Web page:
In the peripheral nervous system (PNS) axons can be either myelinated or unmyelinated. Myelination means that the axon is insulated by surrounding layers of fatty membrane (myelin) produced by Schwann cells. These layers are continuous (like rolling up rope), but, due to the way they are formed, they often include small amounts of Schwann cellcytoplasm not displaced to the periphery during Schwann cell formation of the myelin. These are the so-called Myelin incisures or Schmidt-Lanterman clefts (a.k.a. Schmidt-Lanterman incisures, clefts of Schmidt-Lanterman, segments of Lanterman, medullary segments), which subdivide the myelinated axon into irregular portions. These staggered clefts provide communication channels through every layer by connecting the outer collar of cytoplasm of the Schwann cell to the deepest layer of myelin sheath.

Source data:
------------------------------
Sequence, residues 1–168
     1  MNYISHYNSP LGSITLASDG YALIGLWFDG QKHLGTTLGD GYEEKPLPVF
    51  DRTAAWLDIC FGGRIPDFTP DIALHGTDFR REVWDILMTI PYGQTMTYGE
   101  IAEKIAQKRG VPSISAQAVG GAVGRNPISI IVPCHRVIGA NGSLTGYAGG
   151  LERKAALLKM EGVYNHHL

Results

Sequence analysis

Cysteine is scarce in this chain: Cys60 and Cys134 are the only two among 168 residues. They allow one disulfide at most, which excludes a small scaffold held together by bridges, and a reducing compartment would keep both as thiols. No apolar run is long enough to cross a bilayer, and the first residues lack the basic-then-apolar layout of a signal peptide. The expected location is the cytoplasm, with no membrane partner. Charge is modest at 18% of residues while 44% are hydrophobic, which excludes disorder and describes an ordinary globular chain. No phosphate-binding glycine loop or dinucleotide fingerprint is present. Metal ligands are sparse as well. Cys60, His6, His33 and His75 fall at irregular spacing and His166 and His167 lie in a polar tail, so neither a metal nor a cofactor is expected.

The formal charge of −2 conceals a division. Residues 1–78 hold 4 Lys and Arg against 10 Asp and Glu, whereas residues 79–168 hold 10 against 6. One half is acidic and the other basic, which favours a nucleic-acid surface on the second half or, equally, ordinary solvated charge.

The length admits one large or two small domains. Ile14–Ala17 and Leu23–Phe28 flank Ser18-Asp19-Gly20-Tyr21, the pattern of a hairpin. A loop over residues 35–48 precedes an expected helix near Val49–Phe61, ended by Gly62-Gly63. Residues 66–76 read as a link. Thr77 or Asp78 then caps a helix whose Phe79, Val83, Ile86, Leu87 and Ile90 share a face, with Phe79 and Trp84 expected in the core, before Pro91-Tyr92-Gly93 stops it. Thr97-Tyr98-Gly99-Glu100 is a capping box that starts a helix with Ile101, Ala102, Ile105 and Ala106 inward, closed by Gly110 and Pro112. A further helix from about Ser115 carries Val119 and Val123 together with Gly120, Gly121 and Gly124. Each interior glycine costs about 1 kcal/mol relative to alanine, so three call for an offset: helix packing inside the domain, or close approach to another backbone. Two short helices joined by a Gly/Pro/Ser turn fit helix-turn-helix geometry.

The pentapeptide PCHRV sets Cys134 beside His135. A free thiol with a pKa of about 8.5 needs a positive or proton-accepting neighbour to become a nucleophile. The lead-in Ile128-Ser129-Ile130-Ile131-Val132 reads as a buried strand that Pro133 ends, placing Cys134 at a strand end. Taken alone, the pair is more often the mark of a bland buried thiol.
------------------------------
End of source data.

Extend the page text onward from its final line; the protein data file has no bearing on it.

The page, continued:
They are histological evidence of the small amount of cytoplasm that remains in the inner layer of the myelin sheath created by Schwann cells wrapping tightly around a nerve.